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I did git rebase master, fixed the conflicts reported in a file, and then git add the file to resolve the conflict. Then I did git rebase --continue, and got this:

Applying: Fixed unit test

No changes - did you forget to use 'git add'? If there is nothing left to stage, chances are that something else already introduced the same changes; you might want to skip this patch.

When you have resolved this problem, run "git rebase --continue". If you prefer to skip this patch, run "git rebase --skip" instead. To check out the original branch and stop rebasing, run "git rebase --abort".

Any idea what I am missing here? Should I do git rebase --skip?

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What does a git diff show? If it shows no differences, then your rebase has resulted in an empty commit, and it's safe to skip. –  cmbuckley Feb 19 '14 at 19:08
    
git diff shows nothing. –  Boon Feb 19 '14 at 19:42
    
As mentioned below, it is 99% sure it is the mentioned bug. If you do --skip you will lose the last commit, you could of course dig out whatever changes it includes and reimplement them when your rebase is finished. The alternative is --abort making the confit-change and starting over. :-( –  nickfalk Feb 19 '14 at 19:49

3 Answers 3

up vote 4 down vote accepted

If you are in Mac OS X, then first of all you should disable revisiond, as it can mess with files in your work tree in the middle of rebase, causing unpredictable and broken behavior:

git config --global core.trustctime false

The issue is explained in this article, and big thanks to @nickfalk who pointed it out.

As for your rebase, this kind of situation is not unusual in practice. Let's try to think through the steps of what's happening:

  • When you rebase the current branch on top of another branch, git moves the HEAD to the other branch, and starts applying the unique commits you have in your current branch.

  • While replaying one of those commits, you reached a conflict. You resolved it, but as a result there are no changes to commit, nothing to replay in this commit.

Practically, this means that you rejected the changes in the current commit being replayed. So, if you don't need anything from this commit, it's normal to skip it. So git rebase --skip makes sense here.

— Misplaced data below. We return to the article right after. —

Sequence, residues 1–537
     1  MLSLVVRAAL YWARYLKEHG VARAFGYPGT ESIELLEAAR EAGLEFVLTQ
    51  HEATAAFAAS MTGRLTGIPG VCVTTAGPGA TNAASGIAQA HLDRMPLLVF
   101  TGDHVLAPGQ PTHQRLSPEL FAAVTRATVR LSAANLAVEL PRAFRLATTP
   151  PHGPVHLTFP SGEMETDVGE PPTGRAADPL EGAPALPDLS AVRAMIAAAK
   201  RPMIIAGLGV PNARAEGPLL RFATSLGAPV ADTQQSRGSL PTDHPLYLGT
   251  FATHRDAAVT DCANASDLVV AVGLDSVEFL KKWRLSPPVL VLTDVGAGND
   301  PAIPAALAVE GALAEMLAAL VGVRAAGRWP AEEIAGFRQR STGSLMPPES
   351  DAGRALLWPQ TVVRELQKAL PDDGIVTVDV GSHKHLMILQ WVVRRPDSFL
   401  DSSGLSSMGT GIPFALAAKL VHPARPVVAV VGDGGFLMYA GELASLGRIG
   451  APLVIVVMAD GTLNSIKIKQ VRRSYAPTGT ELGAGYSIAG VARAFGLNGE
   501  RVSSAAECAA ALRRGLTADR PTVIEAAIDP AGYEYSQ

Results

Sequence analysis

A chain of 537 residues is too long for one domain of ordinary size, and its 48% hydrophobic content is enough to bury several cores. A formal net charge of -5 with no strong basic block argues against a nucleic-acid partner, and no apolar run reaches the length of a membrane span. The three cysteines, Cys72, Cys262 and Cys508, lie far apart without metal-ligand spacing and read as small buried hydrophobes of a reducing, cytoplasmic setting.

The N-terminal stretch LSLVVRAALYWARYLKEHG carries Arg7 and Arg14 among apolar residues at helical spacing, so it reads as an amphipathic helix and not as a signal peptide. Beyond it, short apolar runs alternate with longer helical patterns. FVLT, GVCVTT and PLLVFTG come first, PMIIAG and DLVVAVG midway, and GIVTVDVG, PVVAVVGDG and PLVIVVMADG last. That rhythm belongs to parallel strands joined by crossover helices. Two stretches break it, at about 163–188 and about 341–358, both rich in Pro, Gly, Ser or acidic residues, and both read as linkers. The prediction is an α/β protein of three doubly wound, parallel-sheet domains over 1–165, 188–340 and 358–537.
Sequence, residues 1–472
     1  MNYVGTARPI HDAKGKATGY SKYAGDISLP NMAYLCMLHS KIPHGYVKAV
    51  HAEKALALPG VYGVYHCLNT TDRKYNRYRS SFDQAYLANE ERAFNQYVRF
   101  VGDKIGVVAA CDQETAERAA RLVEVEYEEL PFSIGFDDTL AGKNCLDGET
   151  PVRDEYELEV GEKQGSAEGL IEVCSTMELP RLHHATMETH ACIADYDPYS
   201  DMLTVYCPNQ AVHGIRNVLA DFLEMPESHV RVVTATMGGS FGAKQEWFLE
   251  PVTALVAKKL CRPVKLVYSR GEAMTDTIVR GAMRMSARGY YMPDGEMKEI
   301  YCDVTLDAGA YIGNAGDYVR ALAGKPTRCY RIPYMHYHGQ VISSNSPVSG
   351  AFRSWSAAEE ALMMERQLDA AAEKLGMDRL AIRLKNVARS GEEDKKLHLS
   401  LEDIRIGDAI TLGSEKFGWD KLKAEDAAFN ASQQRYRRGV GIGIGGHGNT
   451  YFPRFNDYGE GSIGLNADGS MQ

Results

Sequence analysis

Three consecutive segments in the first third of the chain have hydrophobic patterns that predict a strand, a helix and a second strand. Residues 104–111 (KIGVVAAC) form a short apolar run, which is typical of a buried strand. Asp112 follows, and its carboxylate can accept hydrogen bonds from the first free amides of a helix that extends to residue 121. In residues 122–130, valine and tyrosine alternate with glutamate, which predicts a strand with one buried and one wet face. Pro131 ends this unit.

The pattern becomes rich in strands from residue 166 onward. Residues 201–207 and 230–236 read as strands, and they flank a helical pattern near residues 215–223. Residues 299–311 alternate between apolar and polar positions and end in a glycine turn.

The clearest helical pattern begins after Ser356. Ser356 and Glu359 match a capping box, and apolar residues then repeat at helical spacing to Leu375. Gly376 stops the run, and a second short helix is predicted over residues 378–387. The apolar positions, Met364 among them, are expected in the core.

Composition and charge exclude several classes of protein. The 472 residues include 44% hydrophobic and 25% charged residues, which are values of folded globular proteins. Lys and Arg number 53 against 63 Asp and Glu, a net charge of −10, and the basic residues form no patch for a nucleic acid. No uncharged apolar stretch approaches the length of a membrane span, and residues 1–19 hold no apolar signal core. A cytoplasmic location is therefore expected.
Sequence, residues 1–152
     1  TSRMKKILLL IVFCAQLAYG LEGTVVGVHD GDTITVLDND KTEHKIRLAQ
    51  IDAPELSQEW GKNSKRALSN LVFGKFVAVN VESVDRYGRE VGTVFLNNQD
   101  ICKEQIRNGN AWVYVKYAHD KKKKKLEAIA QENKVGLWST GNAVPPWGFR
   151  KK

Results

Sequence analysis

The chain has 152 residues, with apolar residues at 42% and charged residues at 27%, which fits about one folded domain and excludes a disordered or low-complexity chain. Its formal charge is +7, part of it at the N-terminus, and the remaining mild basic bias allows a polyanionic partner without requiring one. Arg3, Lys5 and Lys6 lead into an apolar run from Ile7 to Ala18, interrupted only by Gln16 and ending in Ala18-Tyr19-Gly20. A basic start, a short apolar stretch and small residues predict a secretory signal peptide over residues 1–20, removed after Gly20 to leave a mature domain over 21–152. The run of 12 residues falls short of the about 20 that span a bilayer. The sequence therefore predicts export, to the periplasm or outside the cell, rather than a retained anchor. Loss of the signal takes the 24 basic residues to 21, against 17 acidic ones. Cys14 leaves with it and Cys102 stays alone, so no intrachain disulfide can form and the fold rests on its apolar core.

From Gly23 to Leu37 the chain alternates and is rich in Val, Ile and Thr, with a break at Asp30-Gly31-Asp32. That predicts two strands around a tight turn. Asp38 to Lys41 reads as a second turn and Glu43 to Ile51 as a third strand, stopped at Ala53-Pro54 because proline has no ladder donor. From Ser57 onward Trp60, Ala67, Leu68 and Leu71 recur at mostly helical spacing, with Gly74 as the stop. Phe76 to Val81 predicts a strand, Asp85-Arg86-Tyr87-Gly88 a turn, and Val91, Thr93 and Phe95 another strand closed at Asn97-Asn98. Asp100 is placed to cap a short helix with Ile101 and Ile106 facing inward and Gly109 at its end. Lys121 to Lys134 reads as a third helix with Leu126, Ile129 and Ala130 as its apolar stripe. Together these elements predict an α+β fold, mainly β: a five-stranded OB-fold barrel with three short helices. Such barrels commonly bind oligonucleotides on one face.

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This would make indeed make sense if the commit in question was disregarded and none of its changes was accepted as a part of solving the conflict. Taking the below mentioned well-known bug into consideration however, it could also easily mean that you lose the intended changes in said commit... –  nickfalk Feb 19 '14 at 20:23
    
You're right, I added this info now, and thanks for pointing it out! –  janos Feb 19 '14 at 21:02
    
This was driving me crazy. Thank you very much. I would also like to note that you're awesome. –  CommaToast Aug 12 '14 at 17:23

Breath, you're not going crazy! ;-= This is a known bug where OSX (if that is indeed what you're using) is messing with git, it is detailed here (not by me).

Short story (i.e. the fix) is:

git config --global core.trustctime false
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1  
I used to have this problem all the time with huge rebases. Thanks for pointing this out! –  Josh Kovach Feb 19 '14 at 19:30
    
Yes OSX. This fix doesn't do it :( –  Boon Feb 19 '14 at 19:40
    
It is likely that this will not help with your current rebase. It is already basing itself on the existing information in the file-system. Not sure, but it might just work if you restart the rebase... –  nickfalk Feb 19 '14 at 19:44
    
@nickfalk, thanks for answering this. I selected another answer because that's what solves it for me but your answer can very well help someone else. –  Boon Feb 19 '14 at 20:11
    
No worries Boon, hope you are 100% sure that deciding to disregard any changes your mentioned commit had was what you wanted... –  nickfalk Feb 19 '14 at 20:20

It could well mean that the changes are already rebased. Just check the git status.

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Checked status, it's not. –  Boon Feb 19 '14 at 19:41

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